Laboratory research on chimpanzees has been ongoing in the United States since the 1920s, making the U.S. the only developed country in the world that continues to use chimps in invasive research studies.
At research facilities, chimps may encounter any number of living arrangements, with some having access to an outdoor enclosure while others are kept isolated and confined to cages for the entirety of their lives. Despite a lab’s best enrichment and housing efforts, a laboratory environment can never substitute the world chimps would encounter if they ever had the opportunity to live in a natural, wild environment.
What’s more, being the highly intelligent and sentient creatures that they are, chimps involved in invasive studies have suffered immensely over the years.
According to the Humane Society of the United States (HSUS), chimps used in research “are often subjected to painful and distressing procedures, including liver biopsies, human virus infections, and frequent ‘knockdowns,’ in which a chimpanzee is shot with a tranquilizer gun.”
Moreover, chimps may develop health and psychological problems, such as “depression, heightened aggression, frustration and even self-mutilation,” as the HSUS reports.
Thankfully, with advances in medical technologies and a rising awareness about the plight of lab animals, chimp research has significantly decreased in recent years.
In June 2013, a major victory was achieved when the National Institutes of Health (NIH) announced that it will retire nearly all government-owned lab chimps to Chimp Haven, a sanctuary in Keithville, La. The NIH’s historic decision came two years after its 2011 report, which deemed chimps unnecessary for most biomedical research. Three hundred sixty chimpanzees are set to be surrendered to Chimp Haven by the end of 2014.
Chimpanzee research may soon be a thing of the past, however more pressure needs to be placed on our governing bodies as 850 chimps – many who are government-owned or government-supported — are still held captive in five U.S. laboratories.
The fate of captive chimps is in our hands and organizations, like Save the Chimps, are trying to change perceptions about these magnificent beings and garner support for their protection.
A sanctuary in Fort Pierce, Fla., Save the Chimps has rescued 294 chimpanzees with histories of biomedical research. Two hundred sixty six of these primates came from one of the country’s largest (and thankfully, now closed) research facilities, The Coulston Foundation.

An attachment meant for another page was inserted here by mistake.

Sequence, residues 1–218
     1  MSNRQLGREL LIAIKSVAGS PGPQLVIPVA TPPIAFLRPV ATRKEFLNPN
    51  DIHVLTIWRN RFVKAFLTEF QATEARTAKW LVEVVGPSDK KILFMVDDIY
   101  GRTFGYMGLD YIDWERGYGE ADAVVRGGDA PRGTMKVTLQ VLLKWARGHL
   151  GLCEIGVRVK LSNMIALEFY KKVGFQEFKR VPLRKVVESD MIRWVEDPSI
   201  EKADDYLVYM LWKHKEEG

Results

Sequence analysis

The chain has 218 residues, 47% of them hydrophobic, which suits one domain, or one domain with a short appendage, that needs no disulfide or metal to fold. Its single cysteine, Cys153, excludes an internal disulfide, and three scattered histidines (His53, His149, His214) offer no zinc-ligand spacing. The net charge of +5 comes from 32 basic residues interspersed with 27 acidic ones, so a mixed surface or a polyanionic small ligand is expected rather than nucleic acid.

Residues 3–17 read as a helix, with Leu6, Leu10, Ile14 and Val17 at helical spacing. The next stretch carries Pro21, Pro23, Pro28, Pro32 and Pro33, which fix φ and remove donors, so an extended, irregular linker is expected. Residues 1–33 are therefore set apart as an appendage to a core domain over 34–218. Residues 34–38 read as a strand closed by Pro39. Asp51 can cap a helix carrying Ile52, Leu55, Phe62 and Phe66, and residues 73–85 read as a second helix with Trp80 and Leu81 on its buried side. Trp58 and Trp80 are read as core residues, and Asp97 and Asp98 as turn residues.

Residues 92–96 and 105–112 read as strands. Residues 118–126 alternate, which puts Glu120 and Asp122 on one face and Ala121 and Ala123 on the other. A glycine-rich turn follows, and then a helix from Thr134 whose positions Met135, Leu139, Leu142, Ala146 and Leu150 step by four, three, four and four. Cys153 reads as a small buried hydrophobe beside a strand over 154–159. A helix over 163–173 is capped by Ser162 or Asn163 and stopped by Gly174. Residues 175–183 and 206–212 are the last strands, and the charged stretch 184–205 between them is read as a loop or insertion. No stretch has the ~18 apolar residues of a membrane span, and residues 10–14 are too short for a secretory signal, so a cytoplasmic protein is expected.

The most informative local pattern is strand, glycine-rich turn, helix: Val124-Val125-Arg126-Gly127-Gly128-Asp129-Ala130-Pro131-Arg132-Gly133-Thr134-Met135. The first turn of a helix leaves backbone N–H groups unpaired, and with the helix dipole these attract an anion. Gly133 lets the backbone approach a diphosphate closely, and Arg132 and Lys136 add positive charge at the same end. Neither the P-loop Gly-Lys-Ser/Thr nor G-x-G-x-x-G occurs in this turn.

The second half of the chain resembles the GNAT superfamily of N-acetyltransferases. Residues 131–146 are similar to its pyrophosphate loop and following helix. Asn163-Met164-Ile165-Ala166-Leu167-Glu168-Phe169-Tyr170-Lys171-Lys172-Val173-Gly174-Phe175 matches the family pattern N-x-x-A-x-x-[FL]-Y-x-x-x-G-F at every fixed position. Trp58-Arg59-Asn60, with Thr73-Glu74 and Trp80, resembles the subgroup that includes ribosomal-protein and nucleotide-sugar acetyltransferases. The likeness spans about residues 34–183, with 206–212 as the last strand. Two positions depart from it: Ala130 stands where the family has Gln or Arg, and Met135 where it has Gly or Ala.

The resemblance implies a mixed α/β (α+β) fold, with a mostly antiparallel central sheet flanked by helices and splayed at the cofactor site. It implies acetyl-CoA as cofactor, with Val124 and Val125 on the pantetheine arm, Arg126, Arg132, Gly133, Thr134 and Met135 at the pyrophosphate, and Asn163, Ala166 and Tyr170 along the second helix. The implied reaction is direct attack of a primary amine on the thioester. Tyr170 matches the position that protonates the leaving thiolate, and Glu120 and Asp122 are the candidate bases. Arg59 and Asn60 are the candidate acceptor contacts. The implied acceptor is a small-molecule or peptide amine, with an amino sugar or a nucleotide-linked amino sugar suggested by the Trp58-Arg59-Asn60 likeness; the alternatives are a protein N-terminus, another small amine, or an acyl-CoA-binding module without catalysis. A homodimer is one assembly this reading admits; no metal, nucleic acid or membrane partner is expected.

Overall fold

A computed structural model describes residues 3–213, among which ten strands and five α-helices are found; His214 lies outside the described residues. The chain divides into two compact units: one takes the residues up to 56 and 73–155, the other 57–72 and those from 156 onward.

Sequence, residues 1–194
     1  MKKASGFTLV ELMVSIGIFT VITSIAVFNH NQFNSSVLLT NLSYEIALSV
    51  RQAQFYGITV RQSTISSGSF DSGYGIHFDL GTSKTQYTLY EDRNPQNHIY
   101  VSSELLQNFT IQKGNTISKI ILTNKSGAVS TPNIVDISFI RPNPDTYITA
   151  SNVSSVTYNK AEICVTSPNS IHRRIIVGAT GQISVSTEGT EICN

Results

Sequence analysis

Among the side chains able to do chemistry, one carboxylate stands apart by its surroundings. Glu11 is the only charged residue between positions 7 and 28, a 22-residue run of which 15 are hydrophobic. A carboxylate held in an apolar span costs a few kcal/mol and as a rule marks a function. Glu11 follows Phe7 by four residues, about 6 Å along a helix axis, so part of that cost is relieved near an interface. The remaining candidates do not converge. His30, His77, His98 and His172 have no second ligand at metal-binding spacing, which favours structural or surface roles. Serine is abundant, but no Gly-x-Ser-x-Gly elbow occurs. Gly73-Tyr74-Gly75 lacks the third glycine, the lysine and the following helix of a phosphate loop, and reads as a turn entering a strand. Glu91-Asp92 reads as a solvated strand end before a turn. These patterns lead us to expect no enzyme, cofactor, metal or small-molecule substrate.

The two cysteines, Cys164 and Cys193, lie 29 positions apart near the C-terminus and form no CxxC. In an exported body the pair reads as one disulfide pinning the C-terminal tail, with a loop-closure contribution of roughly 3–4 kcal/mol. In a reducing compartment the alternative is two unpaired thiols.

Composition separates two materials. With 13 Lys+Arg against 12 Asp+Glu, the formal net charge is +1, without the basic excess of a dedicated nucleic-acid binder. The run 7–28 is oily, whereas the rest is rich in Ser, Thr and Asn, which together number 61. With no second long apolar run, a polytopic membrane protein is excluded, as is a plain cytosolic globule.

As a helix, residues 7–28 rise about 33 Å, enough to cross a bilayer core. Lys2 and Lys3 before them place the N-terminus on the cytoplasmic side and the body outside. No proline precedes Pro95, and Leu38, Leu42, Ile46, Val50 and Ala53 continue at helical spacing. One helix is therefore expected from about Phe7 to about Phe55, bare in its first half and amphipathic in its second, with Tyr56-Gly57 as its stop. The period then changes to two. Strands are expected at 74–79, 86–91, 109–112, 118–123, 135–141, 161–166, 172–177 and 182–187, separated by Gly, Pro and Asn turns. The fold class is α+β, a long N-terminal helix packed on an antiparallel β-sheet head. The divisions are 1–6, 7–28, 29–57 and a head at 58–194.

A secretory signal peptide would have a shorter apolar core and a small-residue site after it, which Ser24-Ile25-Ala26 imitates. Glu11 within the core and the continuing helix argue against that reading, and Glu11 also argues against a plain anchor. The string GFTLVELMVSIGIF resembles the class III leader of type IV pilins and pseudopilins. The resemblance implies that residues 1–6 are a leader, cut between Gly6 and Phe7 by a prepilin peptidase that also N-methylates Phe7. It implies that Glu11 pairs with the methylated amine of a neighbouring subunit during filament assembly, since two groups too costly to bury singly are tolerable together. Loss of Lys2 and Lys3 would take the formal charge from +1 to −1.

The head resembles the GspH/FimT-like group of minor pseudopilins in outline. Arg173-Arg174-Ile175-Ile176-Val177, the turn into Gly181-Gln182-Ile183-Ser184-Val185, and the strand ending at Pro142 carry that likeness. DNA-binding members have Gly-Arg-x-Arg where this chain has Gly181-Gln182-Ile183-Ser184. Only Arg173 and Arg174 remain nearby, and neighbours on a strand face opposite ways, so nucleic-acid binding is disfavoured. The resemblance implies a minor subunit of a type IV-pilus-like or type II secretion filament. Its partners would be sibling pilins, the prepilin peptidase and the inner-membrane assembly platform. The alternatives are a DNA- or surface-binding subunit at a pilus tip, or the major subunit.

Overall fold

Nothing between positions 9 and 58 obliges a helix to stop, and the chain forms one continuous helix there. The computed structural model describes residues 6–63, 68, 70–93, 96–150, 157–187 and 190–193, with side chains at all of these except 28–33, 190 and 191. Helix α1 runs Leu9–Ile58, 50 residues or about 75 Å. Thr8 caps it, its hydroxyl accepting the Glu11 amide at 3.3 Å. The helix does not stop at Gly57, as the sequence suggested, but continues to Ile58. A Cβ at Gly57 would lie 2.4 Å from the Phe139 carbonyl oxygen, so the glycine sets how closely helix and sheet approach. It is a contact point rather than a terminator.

It was here where now 34-year-old chimp Scarlett spent nearly two and a half decades of her life.
On Nov. 11, 1979, Scarlett was born into a life of research at the Coulston Foundation. Not long after her birth, she was snatched from her mother, Cherry, in order to be raised for testing purposes.
“Every month, she was anesthetized in order to take blood samples for research studies,” Save the Chimps reports.
At just three years old, Scarlett was moved to another research lab, but returned to Coulston 13 years later to endure the same fate as her mother – a life of a breeding chimp.
According to Save the Chimps, she “lived along in a small and barren cage in a building dubbed ‘the Dungeon.’”
During her second tenure at the Coulston Foundation, Scarlett had two children named Jude and Joey. However, both babies were taken from her almost immediately, allowing her no time to soothe or care for the children she had spent months preparing for.
Unlike other chimps who suffered in labs until their deaths, Scarlett received the opportunity to be released when the Coulston Foundation closed its doors in 2002. Save the Chimps came right in for the rescue, but found her “depressed and withdrawn” and also learned that she has epilepsy.
Thankfully, with the help of kind veterinarians and unconditional love and care from sanctuary staff, Scarlett has flourished, becoming a “a smart and confident chimpanzee, a grande dame, with a sense of humor,” Save the Chimps veterinarian Jocelyn Bezner tells OGP.
In 2008, Scarlett’s resilience was put to the test yet again when she “became temporarily paralyzed due to an unusual spinal injury … [which] may have been the result of a seizure,” Save the Chimps reports.
Scarlett again managed to pull through this great challenge, inspiring all with “her determination and spirit.”
Since her temporarily paralysis, Scarlett has been enjoying a life of leisure in the Florida sun with the five chimps in her social group. Together, they share in the joys of freedom each and every day.
Check out a video of Scarlett’s rescue journey below!
Lead image source: Save the Chimps